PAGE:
In the grand scheme of things, I’m sure you live comfortably, but you are not a serious moneyed interest along the lines of General Mills, Kraft, Pepsi, Allergan or Johnson and Johnson. You’re just trying to help people. HAES is not a moneyed interest at all. They’re just trying to help people.

    No one in the HAES movement denies that obesity exists, nor do they deny that it can create complications (physical and medical) for fat people. (They have a different approach to dealing with it, yes.) Most HAESers also acknowledge that obesity is getting more prevalent. We’ve always had a bell curve that expresses the distribution of our weight in society. Most people in the HAES movement also acknowledge that the center has shifted, and that the curve has morphed and flattened. Yes, we have grown taller, but our weight has shifted upward more dramatically in the past four decades, and especially the past two.

    Now, why is this? And what should be done about it? Normally, you are closer to HAES on these answers than you are to diet culture and the moneyed interests. On your more peaceful days, you agree that science needs to be questioned, tested. You have written about weight bias among those who should know better (the Kelly Brownell studies). On your better days, I think you wouldn’t call people who ask questions “obesity deniers.” I’d like to think you’d use more measured language.

    The divisive vocabulary of diet culture and othered moneyed interests, includes, for example, “portion control” (which, because of big food, only refers to quantity and actually boosts profits). ELMM street was built by big money, and you have taken a sledge hammer to it in the past, but now you’re attacking your fellow hammer-weilders.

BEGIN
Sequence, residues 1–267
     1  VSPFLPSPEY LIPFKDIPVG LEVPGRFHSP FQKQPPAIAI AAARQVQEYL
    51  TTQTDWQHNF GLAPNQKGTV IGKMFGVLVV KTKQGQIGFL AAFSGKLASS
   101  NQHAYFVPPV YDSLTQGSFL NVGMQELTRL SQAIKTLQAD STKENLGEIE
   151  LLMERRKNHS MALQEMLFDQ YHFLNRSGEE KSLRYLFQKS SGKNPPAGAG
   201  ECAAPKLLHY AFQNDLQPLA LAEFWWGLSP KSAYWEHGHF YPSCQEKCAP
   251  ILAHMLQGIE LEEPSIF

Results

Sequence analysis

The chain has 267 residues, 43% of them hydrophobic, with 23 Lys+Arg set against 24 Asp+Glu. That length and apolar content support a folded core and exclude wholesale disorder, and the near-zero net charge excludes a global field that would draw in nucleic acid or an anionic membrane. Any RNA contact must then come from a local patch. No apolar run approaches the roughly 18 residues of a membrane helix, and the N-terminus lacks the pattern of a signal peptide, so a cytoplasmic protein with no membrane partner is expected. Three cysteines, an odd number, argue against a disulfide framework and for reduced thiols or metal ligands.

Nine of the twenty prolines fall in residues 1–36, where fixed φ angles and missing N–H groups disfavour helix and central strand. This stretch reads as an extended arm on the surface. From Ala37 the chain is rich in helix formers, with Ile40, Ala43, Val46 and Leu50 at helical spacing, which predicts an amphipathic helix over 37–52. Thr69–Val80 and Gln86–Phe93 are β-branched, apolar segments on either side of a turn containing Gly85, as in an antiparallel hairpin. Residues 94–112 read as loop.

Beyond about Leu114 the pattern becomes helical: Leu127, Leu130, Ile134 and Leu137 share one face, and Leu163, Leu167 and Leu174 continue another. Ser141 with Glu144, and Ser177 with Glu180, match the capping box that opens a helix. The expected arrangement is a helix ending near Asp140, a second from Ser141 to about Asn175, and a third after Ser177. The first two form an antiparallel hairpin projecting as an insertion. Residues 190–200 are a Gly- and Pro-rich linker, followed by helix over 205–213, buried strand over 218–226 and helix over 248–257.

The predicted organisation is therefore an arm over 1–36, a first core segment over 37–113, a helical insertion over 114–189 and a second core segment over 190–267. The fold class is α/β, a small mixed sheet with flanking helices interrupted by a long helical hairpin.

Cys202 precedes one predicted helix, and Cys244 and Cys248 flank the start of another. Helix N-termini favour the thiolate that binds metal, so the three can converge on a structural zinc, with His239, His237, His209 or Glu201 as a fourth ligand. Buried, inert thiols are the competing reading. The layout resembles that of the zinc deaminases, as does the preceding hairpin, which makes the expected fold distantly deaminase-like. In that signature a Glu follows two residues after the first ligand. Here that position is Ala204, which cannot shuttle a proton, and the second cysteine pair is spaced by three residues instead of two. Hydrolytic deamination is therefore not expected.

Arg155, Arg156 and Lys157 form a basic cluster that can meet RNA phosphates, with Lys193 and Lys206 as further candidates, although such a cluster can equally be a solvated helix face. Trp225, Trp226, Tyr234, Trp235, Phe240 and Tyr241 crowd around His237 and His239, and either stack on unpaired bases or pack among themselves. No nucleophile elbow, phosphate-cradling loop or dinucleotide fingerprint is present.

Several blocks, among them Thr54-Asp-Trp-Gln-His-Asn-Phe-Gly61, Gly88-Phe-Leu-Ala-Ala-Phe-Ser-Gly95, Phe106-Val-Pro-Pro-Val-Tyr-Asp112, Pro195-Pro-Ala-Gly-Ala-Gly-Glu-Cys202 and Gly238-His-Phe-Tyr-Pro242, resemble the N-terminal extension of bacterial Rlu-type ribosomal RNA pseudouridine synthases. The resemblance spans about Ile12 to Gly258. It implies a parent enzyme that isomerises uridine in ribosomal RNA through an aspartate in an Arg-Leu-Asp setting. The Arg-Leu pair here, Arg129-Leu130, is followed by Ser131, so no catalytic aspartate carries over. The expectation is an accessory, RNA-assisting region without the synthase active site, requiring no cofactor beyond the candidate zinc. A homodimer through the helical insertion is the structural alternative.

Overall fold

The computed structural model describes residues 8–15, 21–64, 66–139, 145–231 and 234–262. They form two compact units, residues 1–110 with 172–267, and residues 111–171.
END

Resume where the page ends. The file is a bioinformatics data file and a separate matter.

Last week’s posts were hard to watch. Big processed food endeavors to “build trust” with the medical profession at obesity conferences, and HAES isn’t even invited to participate in the discussion. You come home to a blog page under attack, as it were, because you have been open to HAES in the past, and are showing other colors now.

    Last week that flare up between you and Linda Bacon made me go, “Hmmmm. The fecal matter is really hitting the oscillator.” I was saddened by both Linda’s words and yours. My first shock, however, happened when you accepted the Alberta Money-Scare study without guile or questions. Is it useful to portray fat people as a financial drain on society? (Big money interests, such as the insurance industy, think it is!) Is it accurate? Really?

    I hope you will take time, breathe, cogitate. Come back to the center, as you define it. And open the discourse, again, even though it’s exhausting (and you won’t even get a conference goody bag with coupons and other prizes).

  8. Jennifer says:

    Hi Dr. Sharma,

    I love this post, and I think that the analogy is apt. Thanks for posting it!